Bible Cartoon: Matthew 02 - The Nativity SET 02 - Scene 05 - Wise men seek the new king in Jerusalem

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Bible Book: Matthew
Bible Book Code: 4000200202
Scene no: 5 of 15

Bible Reference & Cartoon Description

Matthew 2:1-2 (NLT)
[1 Jesus was born in the town of Bethlehem in Judea, during the reign of King Herod.] About that time some wise men [1] from eastern lands arrived in Jerusalem, asking, 2 “Where is the newborn king of the Jews? We have seen his star as it arose, [2] and we have come to worship him.”

Or, royal astrologers; Greek reads magi; also in 2:7, 16.

Or, in the east.


Unspecified in the Bible narrative, I have set this scene in the late afternoon.

The sun (unseen, low in the sky to the right (West) illuminates this scene, casting shadows below & to the left (East) of figures & objects.

The wise men [3] can be seen in the right foreground of the picture, one leading the three camels on foot, the other two riding.
A black-winged kite is perched I the tree.
A lizard is basking on a rock, looking at the wise men as the walk past.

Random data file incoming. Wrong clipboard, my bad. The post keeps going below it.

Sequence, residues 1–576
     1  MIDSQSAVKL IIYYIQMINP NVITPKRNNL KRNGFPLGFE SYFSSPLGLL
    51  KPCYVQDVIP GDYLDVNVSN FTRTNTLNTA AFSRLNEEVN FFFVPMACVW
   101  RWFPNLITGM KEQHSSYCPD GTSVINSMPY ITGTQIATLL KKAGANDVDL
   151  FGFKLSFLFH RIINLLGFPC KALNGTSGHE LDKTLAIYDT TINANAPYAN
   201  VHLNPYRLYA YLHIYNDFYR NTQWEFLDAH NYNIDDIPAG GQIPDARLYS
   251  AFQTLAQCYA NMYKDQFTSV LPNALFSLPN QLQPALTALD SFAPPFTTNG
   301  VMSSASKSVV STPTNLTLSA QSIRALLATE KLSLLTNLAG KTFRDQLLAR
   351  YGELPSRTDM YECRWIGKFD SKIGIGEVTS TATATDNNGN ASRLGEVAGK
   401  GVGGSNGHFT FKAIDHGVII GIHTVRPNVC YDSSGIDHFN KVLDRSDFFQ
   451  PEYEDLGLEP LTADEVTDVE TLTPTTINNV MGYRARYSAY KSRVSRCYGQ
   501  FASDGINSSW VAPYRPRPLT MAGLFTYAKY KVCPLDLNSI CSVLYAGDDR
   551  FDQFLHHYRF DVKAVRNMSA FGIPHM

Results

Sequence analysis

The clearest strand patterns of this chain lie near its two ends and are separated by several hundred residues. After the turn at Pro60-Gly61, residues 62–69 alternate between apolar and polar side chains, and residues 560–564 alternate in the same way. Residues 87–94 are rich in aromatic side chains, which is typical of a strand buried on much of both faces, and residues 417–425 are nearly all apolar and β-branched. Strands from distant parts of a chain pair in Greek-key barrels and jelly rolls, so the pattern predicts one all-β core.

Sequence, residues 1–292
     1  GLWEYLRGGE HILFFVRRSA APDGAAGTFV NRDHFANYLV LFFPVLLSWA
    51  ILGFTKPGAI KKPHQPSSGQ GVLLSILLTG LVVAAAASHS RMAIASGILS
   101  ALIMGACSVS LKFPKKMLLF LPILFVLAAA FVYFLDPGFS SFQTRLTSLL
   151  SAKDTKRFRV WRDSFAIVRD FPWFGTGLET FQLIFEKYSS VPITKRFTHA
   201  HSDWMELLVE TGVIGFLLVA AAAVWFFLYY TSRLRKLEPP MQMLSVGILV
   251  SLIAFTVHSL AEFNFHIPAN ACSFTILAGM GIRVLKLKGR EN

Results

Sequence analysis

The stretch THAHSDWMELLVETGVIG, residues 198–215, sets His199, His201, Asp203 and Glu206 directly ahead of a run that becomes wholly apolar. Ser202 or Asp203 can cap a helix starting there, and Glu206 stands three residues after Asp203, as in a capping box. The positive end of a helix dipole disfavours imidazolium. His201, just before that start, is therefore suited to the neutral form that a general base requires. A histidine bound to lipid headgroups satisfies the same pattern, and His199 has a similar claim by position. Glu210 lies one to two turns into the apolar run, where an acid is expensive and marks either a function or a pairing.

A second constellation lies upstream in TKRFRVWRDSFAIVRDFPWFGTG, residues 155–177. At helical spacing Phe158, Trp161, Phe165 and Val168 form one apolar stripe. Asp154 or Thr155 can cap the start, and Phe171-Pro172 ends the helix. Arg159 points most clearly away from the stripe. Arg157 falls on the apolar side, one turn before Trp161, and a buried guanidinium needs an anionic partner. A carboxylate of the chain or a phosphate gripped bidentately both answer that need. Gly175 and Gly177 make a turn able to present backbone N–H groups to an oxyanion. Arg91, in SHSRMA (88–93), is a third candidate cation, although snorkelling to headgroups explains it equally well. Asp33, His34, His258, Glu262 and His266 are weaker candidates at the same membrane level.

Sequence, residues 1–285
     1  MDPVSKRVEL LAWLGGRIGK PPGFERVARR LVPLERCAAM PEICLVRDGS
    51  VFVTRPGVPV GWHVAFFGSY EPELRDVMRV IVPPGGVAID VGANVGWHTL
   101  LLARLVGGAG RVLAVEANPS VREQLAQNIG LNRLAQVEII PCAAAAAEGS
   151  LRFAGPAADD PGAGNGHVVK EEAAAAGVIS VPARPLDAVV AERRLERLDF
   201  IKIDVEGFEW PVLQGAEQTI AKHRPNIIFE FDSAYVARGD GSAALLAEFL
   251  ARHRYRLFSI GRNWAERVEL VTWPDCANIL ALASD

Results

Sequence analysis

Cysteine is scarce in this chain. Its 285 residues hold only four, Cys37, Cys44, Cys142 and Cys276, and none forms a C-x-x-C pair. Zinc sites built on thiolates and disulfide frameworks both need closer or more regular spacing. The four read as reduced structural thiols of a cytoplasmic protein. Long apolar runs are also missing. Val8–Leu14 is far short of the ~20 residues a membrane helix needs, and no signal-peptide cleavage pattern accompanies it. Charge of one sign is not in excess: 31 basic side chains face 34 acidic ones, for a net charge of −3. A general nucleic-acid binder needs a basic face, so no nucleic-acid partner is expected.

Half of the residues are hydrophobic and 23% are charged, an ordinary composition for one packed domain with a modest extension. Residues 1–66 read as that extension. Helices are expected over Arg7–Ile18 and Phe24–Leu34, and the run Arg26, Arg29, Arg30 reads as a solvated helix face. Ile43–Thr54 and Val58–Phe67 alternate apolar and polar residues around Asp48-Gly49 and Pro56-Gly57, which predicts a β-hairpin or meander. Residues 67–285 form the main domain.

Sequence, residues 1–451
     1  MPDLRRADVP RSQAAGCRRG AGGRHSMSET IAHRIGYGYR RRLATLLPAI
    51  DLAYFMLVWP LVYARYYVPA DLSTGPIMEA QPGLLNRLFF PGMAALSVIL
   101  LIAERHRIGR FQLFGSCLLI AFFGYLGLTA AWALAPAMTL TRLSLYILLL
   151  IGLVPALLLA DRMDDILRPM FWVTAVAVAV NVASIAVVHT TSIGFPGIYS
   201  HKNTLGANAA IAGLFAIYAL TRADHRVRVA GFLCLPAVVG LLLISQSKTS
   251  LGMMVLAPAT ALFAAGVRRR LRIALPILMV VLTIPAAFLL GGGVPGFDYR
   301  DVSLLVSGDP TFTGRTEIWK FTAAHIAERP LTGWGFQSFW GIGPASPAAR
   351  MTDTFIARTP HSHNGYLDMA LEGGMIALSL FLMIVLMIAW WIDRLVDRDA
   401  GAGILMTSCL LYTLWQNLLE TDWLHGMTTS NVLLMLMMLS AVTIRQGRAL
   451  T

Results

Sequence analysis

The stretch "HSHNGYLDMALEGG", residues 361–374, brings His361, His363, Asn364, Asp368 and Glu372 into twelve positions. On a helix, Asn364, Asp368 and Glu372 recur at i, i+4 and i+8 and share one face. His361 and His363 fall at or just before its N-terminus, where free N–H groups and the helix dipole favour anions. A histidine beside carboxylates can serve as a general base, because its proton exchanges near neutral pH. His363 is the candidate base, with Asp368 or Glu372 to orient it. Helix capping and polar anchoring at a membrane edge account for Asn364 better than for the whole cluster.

This scene shows the wise men approaching the city of Jerusalem. They are approaching from the North East, on one of the many roads that converged on the city. The fortified city walls & many pale buildings inside & outside these walls can be seen. Notice the large building, inside the city walls, near the Eastern wall, just to the right of the foreground tree. This is the famous Second Jewish Temple, significantly increased in size & grandeur by Herod the Great (37 B.C. – 4 A.D.) during his reign as king of Judaea. His revitalization of the temple began in 20 B.C. and lasted for 46 years.

Here is the scene without the wise men & camels, but with the tree, bird & lizard in the foreground.